With the 1950s just over the horizon, Kathy Austin and Vladimir are stealing into the heart of the Namibian base that they understand to be the home of extraterrestrial invaders of Earth, all made possible by a second race of beings keen on assisting the natives of our planet. Slipping in and out of observation by the base’s operators, they manage to sneak a look at the stockpile of weapons hidden within its depths, and get some understanding as to the general intent of the alien villains. Meanwhile in Switzerland, the leaders of the world powers gather to discuss the implications of the threat and offer a response, one which will throw Kathy into even greater danger.
As the final volume, this book has got a lot of work to do, tying up plot points, offering explanations and drawing a satisfactory conclusion. It does this through rather a lot of exposition as it barrels towards the end, but indeed it delivers what it promises. On the first reading I wasn’t completely sold on the ending, but having had another look, and a bit of reflection, the story culminates in a manner that perfectly sits with the sci-fi expectations of the era it’s set in, and considering the rationale given by the friendlier ETs for their subsequent actions, it’s a rather neat and tidy finish.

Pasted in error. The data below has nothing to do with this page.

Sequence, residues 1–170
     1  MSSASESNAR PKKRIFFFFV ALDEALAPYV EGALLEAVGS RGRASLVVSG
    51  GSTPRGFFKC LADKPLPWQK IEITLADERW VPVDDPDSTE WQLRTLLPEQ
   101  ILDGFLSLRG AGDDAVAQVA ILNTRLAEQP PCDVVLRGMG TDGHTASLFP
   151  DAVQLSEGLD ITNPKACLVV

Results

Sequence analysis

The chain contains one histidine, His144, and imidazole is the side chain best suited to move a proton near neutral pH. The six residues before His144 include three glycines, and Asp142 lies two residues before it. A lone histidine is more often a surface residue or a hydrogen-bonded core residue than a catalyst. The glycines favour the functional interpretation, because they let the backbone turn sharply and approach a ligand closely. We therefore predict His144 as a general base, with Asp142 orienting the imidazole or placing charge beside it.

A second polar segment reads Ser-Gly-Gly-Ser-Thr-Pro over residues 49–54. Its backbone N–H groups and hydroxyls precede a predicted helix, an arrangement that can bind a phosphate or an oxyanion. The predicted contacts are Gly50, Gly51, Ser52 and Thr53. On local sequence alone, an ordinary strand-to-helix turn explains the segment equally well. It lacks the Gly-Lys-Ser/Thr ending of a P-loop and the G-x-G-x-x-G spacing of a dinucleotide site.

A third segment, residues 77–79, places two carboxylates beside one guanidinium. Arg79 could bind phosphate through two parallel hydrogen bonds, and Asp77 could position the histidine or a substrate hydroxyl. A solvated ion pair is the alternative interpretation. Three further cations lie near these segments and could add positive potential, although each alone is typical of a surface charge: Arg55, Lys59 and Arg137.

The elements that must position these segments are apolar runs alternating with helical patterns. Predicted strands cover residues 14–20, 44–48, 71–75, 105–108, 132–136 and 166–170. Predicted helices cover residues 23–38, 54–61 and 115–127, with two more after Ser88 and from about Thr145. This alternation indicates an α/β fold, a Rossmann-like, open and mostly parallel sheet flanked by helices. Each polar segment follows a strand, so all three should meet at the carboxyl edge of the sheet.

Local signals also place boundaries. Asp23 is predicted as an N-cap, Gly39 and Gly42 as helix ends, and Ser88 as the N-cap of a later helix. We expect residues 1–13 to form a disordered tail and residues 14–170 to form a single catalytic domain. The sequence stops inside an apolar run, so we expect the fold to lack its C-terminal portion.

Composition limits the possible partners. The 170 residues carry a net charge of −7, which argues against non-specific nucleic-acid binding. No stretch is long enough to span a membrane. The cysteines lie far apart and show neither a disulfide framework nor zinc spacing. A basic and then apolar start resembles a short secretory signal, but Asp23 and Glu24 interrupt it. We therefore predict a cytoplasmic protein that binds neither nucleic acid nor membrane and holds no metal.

If I was honest, when I was reading the preceding series Kenya I never believed this tale would end up where it did, and there was a suggestion in Kenya of a very different direction indeed. Given the choice I’d have opted for more of the former, but I don’t wish to deride Namibia – it’s just a different animal with interesting science fiction concepts coupled with an intriguing place and time, and I’m just grateful that there are creators and publishers out there willing to share these stories with us.
And if you liked that: If you’ve not read Kenya, grab your copies at www.cinebook.com